People Analytics and the Profession: HR leader event Belfast 6th September

People Analytics and the Profession: HR leader event Belfast 6th September

This week CIPD Scotland and Northern Ireland gathered practitioners in Northern Ireland to discuss the challenge and opportunity of people analytics. CIPD’s Head of Research and lead on human capital Ed Houghton, Jonathan Ferrar ex VP of People at IBM and CIPD Board member, and Caroline Van Der Feltz, HR Director of Danske Bank shared their insights with a group of HR leaders.

When we think of people data as insight which people provide freely with the objective of improving performance and return Jonathan argued, we will realise its full value. This is an issue which the marketing function already understands but we need to understand it better. This people analytics and digital capability is essential to the future of our profession he argued. Incidentally Jonathan gained this insight from his son’s desire to visit some vloggers on a US road trip!

Ed Houghton explained that the agenda around people analytics was an old one citing Jack Fitz-Enz, lamenting the lack of capability from the turn of the millennium. But he argued that critical capability was still not in place. Ed shared insight from the CIPD/Workday global research indicating the challenge we face. Based on research which surveyed HR leaders, finance professionals and other business functions, the report outlines the confidence gap. For example in the UK only a fifth of HR professionals were confident in using advanced analytics. (The kind which enable predictive modelling). The figure for SE Asia was well over double. Just over half of HR professionals thought they were capable with data whilst only a third of fellow business professionals thought their HR colleagues were.

Carolyn, HRD in NI’s biggest bank, shared how the issue of people analytics capability and digital skills was bound up with the future of banking and finance. As the bank seeks to innovate in a world of Fintech and enriched customer insight, people analytics had to match that aspiration. Carolyn pointed out that her concerns about the capability available had encouraged her to build a separate analytics function. The bank faced the challenge of whether it was a finance company with great tech or a tech company which could offer finance. As customers engage digitally her team had to glean insight on customer experience and employee impact.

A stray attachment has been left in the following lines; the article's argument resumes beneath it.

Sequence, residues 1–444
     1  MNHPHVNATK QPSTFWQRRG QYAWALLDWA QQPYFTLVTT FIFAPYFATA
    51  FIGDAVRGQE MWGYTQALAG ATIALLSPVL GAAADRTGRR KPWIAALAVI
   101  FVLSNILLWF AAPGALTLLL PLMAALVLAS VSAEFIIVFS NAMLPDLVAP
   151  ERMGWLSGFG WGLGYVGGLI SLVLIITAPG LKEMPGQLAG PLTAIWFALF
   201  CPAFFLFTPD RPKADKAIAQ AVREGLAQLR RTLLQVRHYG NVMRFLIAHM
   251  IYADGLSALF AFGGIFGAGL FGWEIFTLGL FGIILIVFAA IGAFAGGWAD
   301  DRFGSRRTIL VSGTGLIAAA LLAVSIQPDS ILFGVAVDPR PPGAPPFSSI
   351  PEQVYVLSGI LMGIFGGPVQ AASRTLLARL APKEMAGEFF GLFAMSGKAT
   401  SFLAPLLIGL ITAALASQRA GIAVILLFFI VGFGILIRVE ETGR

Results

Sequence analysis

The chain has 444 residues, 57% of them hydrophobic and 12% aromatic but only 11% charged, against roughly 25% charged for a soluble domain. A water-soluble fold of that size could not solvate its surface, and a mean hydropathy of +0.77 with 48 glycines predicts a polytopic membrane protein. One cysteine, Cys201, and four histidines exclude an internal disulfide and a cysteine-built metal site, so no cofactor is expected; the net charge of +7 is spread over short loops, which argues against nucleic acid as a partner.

Our audience as usual asked challenging and insightful questions. One leader asked how we could simplify data with a government which seemed to want to measure every dot and comma! Another asked how we could measure intangibles like culture and behaviour. Jonathan shared examples from his consultancy career of how we could focus on one or two indicators. When we drive a modern car we are surrounded by data on everything from oil quality to the functioning of the headlamps. But when we just want to get from A to B, we focus on two key indicators, speed and fuel. We know the other data is there if we need it but we do not need to constantly scan it. That was a good takeaway from the day and there were many more.

Ed and his academic collaborator Dr Martin McCracken of Ulster University who produced CIPD’s Hidden Figures report, explained how much data reporting was driving HR team to focus on selective aspects of reporting. He suggested that we should use the wider requirement to report on issues like the gender pay gap and other key reporting issues to build our capability. That said we need to explain not just churn out numbers.

We asked our speakers to give one idea that each could use to launch or relaunch their people analytics approach. Why are you doing it? Ask that question five times said Jonathan. Who is doing it? Where does the capability exist and who do you need to recruit/retain/retrain? was Carolyn’s. How are you using and is it being used ethically and insightfully was Ed’s.?

But last word to our audience. One HR leader said that as a result of the discussion she would re-examine her organisation’s people analytics strategy. Why? Who and How? Might be a great place to start.